This is a truly bizarre film. It’s 70 minutes long, so while it may be alienating to some, I give it a full recommendation because it will not take up much of your time. If you remember Jean Dujardin from The Artist, you’ll recognize the protagonist of Deerskin. Here, Dujardin plays an an unassuming man named Georges, recently divorced and in need of a jacket (the opening of the film depicts him removing a rather nice looking coat and shoving it down a gas station toilet). At a scrappy dealer’s abode, he purchases a wildly expensive deerskin jacket, complete with gaudy tassels and pockets. It’s not entirely clear why Georges is so obsessed with this jacket, other than the macho-western look it gives him. Perhaps the discarding of his coat and the acquirement of his jacket is meant to tell us something about the life he lived versus the life he wants. Regardless, he relishes in the sense of distinction this jacket gives him, humblebragging about it at the rustic inn he checks into in rural France and filming himself in it with the camera he acquired as an odd bonus from the dealer. Soon, he begins talking for the jacket, carrying out conversations in which the jacket wishes to be the only jacket in the world. Georges, with the help of an ostensibly naïve and impressionable bartender named Denise (Adèle Haenel from Portrait of a Lady on Fire) that he’s tricked into thinking he’s a filmmaker, sets out to grant the jacket’s wish. His attempts at ridding the world of other jackets takes a sharp turn into violence.
Deerskin starts off as a quirky character piece about strange fixations, much like the indie-favorite Lars and the Real Girl with Ryan Gosling. But as it goes on, it ramps up the weird until it’s in full on absurdist slasher mode. The dadaist story and black comedy makes for very entertaining viewing, but the themes seem somewhat obscured. His critiques of materialism, vanity, and even filmmaking have a clear and deliberate presence, but aren’t entirely cogent. I can’t decide if director Quentin Dupieux strives to be deliberately unclear or not, or if multiple viewings will clarify or further muddle things. Either way, the film drew me in with a wonderfully committed performance by Dujardin and an uncanny atmosphere. I can’t help but love it despite not knowing if it’s “good” or not.
Kelly Reichardt returns to the profundity of nature and the soulful connection between outcasts as themes in First Cow, which bares the closest resemblance to her 2006 buddy road film Old Joy (available on Criterion). Temporally it belongs to the string of films she has set in the 1800s, this time taking place in the Washington Frontier, where food sources are scarce and unvaried. When gentle and sensitive Otis “Cookie” Figowitz (John Magaro) befriends the mysterious but easygoing Chinese immigrant King Lu (Orion Lee), he’s set on a path that departs from the gruff fur trapping outfits he’s been accustomed to. While more in keeping with his soft nature, this enterprise will lead him to to a perilous result. Wanting to get a baking business off the ground, Cookie and King, living together in a modest shack in the woods, conspire to steal the milk from the first cow imported to the territory, which belongs to a highly respected, aristocratic Englishman (Toby Jones). Despite the whimsical and quaint notes suggested within the premise, the film notably contains melancholy and tragic ones throughout. The film’s greatest attribute is the sensitive portrayal of male friendships. Some read the central relationship between King and Cookie as romantic, but in the end it doesn’t really matter. Their tenderness, softness, and compassion stands as a counterpoint to the characteristics of the men around them, who fall into more traditional and domineering roles, harsh and competitive and unforgiving, less inclined to vulnerability or grace. First Cow delves into the often unseen and unspoken qualities of plutonic male affection, resulting in a refreshing and novel representation of non-traditional masculinity.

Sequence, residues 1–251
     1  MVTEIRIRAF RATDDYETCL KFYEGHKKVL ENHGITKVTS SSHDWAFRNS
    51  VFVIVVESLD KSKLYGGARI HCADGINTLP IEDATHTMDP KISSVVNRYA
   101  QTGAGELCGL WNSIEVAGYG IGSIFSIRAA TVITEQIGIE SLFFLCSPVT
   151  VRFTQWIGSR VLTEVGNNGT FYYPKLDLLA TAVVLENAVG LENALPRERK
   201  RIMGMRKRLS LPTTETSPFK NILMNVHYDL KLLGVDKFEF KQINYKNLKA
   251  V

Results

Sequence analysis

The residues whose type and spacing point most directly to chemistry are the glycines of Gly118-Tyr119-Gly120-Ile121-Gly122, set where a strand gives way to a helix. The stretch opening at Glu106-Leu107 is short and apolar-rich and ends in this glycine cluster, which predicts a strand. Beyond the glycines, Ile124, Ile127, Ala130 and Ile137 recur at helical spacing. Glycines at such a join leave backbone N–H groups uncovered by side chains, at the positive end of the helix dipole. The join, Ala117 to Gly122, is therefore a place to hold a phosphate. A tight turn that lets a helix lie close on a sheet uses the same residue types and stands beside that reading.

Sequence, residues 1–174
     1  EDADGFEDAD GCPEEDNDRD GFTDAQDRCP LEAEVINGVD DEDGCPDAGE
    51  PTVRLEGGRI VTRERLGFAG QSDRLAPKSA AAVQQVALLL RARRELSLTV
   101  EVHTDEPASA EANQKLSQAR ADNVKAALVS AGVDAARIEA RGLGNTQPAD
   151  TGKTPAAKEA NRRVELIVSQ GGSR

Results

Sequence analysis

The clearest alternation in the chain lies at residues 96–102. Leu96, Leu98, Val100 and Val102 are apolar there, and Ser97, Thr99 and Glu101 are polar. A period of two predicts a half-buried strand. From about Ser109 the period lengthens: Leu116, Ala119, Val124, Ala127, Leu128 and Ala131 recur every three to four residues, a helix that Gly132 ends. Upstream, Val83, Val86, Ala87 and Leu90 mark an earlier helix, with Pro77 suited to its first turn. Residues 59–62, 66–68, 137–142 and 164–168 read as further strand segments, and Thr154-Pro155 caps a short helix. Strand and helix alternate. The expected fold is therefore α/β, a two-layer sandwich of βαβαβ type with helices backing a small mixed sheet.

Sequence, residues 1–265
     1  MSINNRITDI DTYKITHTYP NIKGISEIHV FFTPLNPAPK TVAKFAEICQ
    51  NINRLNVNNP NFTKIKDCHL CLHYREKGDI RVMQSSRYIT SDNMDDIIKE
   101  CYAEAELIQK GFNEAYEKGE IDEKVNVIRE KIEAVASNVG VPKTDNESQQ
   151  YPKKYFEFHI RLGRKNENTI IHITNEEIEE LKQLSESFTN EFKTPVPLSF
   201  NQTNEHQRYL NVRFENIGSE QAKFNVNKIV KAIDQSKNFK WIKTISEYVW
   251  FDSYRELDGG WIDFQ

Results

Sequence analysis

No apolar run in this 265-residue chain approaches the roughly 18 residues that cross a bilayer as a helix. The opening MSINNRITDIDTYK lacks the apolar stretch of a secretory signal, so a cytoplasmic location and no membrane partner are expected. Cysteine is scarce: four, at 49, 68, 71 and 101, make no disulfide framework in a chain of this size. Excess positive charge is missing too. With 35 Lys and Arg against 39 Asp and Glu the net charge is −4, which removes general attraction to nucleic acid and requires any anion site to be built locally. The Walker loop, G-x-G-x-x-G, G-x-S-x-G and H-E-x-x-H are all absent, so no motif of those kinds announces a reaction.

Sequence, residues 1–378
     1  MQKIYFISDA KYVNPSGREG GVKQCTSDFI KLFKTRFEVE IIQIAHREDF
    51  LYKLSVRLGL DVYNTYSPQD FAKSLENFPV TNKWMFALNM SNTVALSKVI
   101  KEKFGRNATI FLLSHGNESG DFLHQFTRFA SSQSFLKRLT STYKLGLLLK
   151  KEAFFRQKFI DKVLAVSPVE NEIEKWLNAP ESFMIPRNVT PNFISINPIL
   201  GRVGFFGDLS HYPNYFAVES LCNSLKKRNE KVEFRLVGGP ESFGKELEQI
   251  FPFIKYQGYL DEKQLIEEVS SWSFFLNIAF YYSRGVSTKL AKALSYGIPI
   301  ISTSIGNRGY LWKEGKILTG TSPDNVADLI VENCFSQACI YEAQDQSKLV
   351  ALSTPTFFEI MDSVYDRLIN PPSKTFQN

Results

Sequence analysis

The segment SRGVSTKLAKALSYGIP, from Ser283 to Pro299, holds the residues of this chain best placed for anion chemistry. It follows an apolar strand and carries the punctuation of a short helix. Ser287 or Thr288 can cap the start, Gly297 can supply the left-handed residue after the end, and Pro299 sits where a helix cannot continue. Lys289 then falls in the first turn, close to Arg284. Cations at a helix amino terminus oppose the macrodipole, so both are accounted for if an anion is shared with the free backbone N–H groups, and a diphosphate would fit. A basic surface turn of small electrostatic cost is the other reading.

Although purportedly a documentary on climate change, you won’t hear much mention of the issue. Director Brett Story instead takes a circumventional approach, ruminating not on “how” we got here, but why. In an observational, episodic manner, Story follows a large swathe of New Yorkers who speak at length about their lives when asked to talk about the future. They speak of their worries, their hopes, their dreams, but mostly they ignore the central question. They stick to the present. They talking about their situations, many of them inescapable. They talk about job security, racism, poverty, and other realities. Beautifully shot and photographed, and with wonderful sound design, The Hottest August is a thoughtfully constructed, highly controlled film despite its loose-seeming flow and on-the-fly moments. It takes advantage of its aesthetic powers to compellingly and hypnotically illustrate the country (and maybe the world’s) inability to grasp what lies ahead, to imagine the consequences, and to put any focus on the fate of our species when large societal injustices and challenges immobilize us and keep us living day to day.
The Criterion Collection did an excellent release of Spike Lee’s 2000 film Bamboozled. It’s now available from University City Library. A multilayered, equally hilarious and horrific satire of black representation in media, Bamboozled surges with feverish energy, farcical yet highly intelligent writing, and jarring images. Shot on early digital video, the harsh, lo-fi aesthetic works perfectly for uncomfortable and disturbing realities Spike Lee wishes to capture. A truly inventive and innovative film, both artistically and technically.